Loss of the Small Family Farm
My brother-in-law was born and raised in a small community surrounded by family farms and although he did not become a farmer, he has watched with sadness as the small family farms disappear. To be competitive in farming today means having thousands of acres or huge herds of livestock and using technology to produce more for less cost. Early pioneers arrived in the midwest claimed a homestead of 100 acres. Clearing the land by hand and building simple dwellings, these early settlers created close-knit, rural communities. Many of these communities are dying as the number of people living and working nearby continues to decline.
Some have asked if we are experiencing a farm crisis like that of the 1980s. Today, large farms continue to add land and dominate the market. One farmer in Kansas has accumulated more than 30,000 acres. As farms continue to increase in size, technology has made it possible for fewer people to manage more acreage. Fewer people working on the farm means shrinking rural communities. In the last decade, the number of young people leaving rural areas for urban has increased. The lack of jobs and academic opportunities are often cited as the reason for this exodus.
This data from a Wall Street Journal article highlights the dominance of large farms:
Farms with $1 million or more in annual sales—only 4% of the total—now produce two-thirds of the country’s agricultural output, the largest portion since the U.S. Agriculture Department’s census began tracking the statistic in the ’80s.
Walmart’s AI Powered Store
In a bid to keep up with rival Amazon, Walmart has opened a new store using Artificial Intelligence software and hardware to automate many of the tasks once completed by humans. The stated goal of the use of AI and robots in stores is to free up employees from repetitive tasks and shift their focus to other tasks such as helping customers. According to Walmart, the goal is not to get rid of employees. Regardless of their goals, new advances in technology will lead to a need for fewer employees and lowered labor costs.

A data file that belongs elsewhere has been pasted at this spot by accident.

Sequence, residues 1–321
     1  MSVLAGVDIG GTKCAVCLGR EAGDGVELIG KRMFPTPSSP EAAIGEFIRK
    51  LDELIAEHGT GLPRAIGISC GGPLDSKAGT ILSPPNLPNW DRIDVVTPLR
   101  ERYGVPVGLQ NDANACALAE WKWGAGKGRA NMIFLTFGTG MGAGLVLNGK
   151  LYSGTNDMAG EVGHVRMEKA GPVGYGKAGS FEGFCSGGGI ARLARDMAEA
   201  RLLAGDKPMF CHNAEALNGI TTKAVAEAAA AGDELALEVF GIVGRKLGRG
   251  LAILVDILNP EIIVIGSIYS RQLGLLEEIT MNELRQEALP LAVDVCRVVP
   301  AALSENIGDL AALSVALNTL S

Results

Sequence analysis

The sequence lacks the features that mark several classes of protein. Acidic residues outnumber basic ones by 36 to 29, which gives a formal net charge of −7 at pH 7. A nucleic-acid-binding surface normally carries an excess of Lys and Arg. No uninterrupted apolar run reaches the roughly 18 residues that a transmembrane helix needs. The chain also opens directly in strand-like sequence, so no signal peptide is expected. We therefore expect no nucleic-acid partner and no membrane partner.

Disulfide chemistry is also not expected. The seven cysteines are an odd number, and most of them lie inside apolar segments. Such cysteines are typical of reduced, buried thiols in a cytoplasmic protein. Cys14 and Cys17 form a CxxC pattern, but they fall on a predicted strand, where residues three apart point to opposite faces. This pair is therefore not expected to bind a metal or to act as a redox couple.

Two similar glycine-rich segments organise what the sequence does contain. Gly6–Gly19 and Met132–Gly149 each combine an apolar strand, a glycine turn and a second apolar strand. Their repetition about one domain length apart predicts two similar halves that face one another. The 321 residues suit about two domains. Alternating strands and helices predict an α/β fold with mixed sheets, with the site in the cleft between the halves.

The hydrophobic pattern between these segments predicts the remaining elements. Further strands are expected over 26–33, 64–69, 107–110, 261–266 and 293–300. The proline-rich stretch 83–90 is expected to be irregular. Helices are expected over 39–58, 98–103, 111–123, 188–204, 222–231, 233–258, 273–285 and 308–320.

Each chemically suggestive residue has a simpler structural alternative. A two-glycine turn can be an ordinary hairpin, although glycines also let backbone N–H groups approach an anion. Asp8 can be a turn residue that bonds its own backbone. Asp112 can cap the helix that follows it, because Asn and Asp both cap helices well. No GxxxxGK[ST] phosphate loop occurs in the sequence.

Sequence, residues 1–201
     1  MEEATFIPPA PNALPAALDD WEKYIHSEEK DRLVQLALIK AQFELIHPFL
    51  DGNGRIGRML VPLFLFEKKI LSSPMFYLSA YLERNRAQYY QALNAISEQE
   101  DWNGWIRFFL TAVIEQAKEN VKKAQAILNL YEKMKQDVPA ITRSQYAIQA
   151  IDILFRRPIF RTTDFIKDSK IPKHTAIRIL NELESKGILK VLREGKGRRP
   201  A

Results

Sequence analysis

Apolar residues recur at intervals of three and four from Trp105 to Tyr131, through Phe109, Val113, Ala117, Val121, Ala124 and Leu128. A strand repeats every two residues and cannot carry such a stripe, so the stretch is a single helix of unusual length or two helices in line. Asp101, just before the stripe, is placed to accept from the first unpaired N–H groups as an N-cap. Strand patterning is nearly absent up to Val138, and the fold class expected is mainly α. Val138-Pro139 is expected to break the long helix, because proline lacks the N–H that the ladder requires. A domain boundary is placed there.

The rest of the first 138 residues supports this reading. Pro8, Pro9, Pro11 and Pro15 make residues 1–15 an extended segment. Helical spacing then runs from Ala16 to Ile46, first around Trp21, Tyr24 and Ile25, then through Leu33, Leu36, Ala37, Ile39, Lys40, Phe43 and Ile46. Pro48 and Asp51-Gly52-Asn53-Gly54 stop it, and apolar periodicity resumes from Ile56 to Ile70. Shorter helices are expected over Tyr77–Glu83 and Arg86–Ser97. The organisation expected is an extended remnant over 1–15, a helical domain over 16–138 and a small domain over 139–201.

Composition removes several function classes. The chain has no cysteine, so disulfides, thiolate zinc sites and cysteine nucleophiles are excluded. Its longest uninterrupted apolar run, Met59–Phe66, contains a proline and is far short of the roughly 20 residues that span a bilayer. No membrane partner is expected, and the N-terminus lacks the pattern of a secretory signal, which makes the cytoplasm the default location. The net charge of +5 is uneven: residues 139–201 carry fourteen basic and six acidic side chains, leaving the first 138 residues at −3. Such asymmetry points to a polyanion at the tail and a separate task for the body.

In addition to this new lab store, Walmart recently announced the deployment of thousands of robots in its stores. An article on Yahoo listed the number of robots and their tasks:
The plan is to roll out 1,500 new autonomous floor cleaners, called the “Auto-C,” 300 additional shelf scanners dubbed the “Auto-S.” In addition, 1,200 more FAST Unloaders will automatically scan and sort items from trucks, and 900 more pickup towers are expected to retrieve customers’ online orders.
The major concern regarding the use of robotics and artificial intelligence is the potential disruption to the labor market. New jobs will be created, but will displaced workers be able to retrain for them.
Jack Kelly, in his article for Forbes about Walmart’s use of robots, concludes with this important question:
“If you follow this trend to its natural conclusion, who will buy all the products and services if we’re all out of work?” – Jack Kelly
For more on the issue read our earlier blog post: Robotics and Artificial Intelligence.
Can I really say I understand your situation if I have never experienced it myself? This is a difficult question to answer. I think about the needs of others on a daily basis and am fortunate to be working for a company dedicated to improving peoples lives. Even so, I wonder if I really understand what others experience. There have been times in my life when I did not have enough food and there were many years where it was difficult to pay the bills. These experiences pale in comparison to the stories I read about people in our country struggling to provide the bare necessities for their families. I am especially concerned about the children who find themselves living in poverty. They have no choice.
The National Center for Children in Poverty (NCCP) has this data on their website:
About 15 million children in the United States – 21% of all children – live in families with incomes below the federal poverty threshold, a measurement that has been shown to underestimate the needs of families.
The effects of poverty on child development have been well documented. Children living in poverty often struggle in school and more health issues than typical. Here is one organization that is working to improve the lives of children: Save the Children.